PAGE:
Tuesday, October 6, 2015

Sticks and Stones and Printing Presses and Microphones

"I know you are, but what am I?" Pee Wee

I oppose using ad hominem, or personal attacks, in human to human exchanges.  Personal attacks lower the IQ of everyone listening, because that's what stress does to the brain.  The ad hominem attack is the last resort for sloppy thinkers when they can't stand on their crumbling arguments.

To challenge someone on a point, to tell them about your anger or your sadness or to seek the truth of an issue through argument also stresses people's nervous systems, but it doesn't lower the timbre of the discussion or switch off creativity and intelligence; there is never a need to debase anyone.  It's possible to debate or even to tackle difficult topics without tearing anybody down.

As any mass-murdering dictator could tell you, the first step toward genocide is to devalue and demoralize a population in the minds of the dominant masses, starting with verbal insults. Words can hurt, and words can kill by greasing the way to atrocity. Start calling people names, and keep calling them names so it catches on. When the majority of a population is using insults as casual greetings on a minority, then you've just brought an entire group of people down a peg.  Then you can start taking everything else much more easily: their legal rights, their culture and religion, their humanity, and finally their lives. But it all starts with the words.  Words create beliefs.

Landmark advances in mass media have always been accompanied by atrocities.  The printing press was exploited by Heinrich Kramer, an "eccentric" priest who, after attempts to establish himself as an "inquisitor" without much luck, released The Malleus Maleficarum ("Hammer of the Witches"), a handbook for spreading fear and hatred of grandmas. Previous to the "hammer" the church denied the existence of witchcraft, but after 1400 the panic and suspicion spread by the Malleus caught on with the broader public. Then the church merely made the most of an opportunity to grab some lands, but for around 9 million people over  4 centuries who were tortured and murdered, the "hammer" brought forth hell on earth-yet, it was just a book written by a weirdo.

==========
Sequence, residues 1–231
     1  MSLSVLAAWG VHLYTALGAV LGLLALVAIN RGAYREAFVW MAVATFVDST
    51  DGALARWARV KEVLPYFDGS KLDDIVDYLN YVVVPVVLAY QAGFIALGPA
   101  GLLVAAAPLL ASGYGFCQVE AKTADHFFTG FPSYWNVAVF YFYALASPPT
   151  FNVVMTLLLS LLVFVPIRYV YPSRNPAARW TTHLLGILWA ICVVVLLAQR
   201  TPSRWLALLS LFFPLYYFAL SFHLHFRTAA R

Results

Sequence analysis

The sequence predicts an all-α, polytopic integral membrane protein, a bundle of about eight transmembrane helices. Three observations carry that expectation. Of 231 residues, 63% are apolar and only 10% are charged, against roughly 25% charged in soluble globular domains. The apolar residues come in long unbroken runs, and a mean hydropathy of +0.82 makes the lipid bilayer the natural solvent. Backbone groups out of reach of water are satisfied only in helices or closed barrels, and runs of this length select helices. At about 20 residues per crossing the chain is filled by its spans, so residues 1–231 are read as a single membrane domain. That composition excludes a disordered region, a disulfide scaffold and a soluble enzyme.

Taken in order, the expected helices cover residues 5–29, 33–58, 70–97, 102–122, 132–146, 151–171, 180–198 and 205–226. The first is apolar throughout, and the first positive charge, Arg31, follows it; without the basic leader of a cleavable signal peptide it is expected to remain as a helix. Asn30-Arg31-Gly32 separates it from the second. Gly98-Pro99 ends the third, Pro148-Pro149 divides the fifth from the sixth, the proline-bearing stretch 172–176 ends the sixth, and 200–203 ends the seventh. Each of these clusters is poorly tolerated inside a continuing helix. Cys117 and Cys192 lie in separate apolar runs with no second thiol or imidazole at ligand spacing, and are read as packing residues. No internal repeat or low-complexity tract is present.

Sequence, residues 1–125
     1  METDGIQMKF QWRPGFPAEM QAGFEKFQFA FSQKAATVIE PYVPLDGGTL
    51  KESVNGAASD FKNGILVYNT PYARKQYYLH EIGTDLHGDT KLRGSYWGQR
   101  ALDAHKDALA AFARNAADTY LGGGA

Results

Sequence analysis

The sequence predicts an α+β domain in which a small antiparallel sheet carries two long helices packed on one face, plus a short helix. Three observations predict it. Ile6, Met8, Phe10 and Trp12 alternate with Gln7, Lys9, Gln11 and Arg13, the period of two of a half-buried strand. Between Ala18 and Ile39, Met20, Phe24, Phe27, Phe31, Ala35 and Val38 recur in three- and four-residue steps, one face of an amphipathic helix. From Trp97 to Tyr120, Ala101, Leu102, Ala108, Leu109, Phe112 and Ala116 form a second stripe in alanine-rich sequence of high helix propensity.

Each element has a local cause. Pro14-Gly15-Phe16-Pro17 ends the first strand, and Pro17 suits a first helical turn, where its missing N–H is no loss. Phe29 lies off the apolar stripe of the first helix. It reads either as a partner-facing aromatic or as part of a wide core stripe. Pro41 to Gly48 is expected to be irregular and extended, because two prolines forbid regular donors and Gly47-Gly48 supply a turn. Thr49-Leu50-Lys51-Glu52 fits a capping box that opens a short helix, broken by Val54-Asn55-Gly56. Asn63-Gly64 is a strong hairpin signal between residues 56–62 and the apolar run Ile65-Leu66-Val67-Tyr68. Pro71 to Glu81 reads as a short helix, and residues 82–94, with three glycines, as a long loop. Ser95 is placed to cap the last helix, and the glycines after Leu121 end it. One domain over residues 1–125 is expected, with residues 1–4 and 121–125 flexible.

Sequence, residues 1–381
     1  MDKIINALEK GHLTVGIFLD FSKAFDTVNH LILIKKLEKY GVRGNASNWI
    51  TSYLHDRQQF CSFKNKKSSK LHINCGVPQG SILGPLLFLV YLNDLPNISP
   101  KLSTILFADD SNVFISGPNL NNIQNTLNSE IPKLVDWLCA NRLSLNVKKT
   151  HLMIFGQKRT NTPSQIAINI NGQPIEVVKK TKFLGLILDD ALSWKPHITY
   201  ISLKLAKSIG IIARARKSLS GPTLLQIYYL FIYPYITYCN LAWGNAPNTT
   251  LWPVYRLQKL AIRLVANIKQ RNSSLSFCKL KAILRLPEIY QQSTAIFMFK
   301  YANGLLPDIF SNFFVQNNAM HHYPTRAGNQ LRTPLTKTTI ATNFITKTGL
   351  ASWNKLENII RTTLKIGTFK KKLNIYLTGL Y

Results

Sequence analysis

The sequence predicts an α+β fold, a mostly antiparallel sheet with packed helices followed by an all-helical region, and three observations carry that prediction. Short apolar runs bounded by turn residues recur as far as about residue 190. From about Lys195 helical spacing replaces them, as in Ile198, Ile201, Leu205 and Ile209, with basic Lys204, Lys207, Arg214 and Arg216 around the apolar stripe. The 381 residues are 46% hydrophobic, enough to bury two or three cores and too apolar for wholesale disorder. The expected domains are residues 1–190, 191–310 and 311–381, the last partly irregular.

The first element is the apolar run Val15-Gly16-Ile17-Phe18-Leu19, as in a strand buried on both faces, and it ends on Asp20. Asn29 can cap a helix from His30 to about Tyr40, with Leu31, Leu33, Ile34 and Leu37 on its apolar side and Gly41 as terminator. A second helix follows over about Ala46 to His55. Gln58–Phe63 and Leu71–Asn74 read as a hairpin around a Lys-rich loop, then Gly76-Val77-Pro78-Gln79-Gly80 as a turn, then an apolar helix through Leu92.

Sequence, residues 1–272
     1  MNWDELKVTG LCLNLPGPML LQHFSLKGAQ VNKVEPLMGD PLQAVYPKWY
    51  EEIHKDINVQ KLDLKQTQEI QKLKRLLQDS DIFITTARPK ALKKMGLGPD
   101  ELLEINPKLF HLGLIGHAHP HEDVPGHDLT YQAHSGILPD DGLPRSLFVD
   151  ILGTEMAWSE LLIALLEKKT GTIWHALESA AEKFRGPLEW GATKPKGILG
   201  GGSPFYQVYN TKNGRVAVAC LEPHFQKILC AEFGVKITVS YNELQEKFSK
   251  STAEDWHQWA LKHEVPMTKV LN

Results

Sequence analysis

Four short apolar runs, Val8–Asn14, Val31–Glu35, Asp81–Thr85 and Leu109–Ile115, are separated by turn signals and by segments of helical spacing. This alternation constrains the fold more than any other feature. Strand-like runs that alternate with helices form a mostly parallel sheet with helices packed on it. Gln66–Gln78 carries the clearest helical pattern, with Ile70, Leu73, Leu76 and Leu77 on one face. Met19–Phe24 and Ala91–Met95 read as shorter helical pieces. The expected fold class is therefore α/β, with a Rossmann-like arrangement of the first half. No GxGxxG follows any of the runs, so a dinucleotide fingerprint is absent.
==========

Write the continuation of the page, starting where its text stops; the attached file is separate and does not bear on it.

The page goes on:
The reign of the Nazi party would have stalled and perhaps even died without radio. ”What the press has been in the Nineteenth Century, radio will be for the Twentieth Century,” Joseph Goebbels said, and he was right in more ways than one.  Radio broadcasts had been controlled by The Postmaster General’s office in Germany until March 1933, when Goebbels himself transferred this power to the "Ministry of Public Enlightenment and Propaganda"- in effect, to his control, and he kept that control until the end of the war.  Hitler's hatred and megalomania tore his vocal chords on their way to the airwaves, and in the climate of economic despair at the time they took root-yet these were just bloody words spewed by a radical weirdo.

When you talk for a living you learn just how powerful words are and that you will be held responsible not only for what you say, but for how it's heard.  Someone can always misinterpret you and attack you for their own reasons (though you'll find most intelligent people don't attack before at least asking for more information) but even if it's not your fault, it's still your responsibility to make the communication the best you can. 

The printing press changed the world, as the man who started the witch burning craze could tell you, and the microphone is mighty, as Hitler could tell you.

Names do hurt.  The sword follows the pen.

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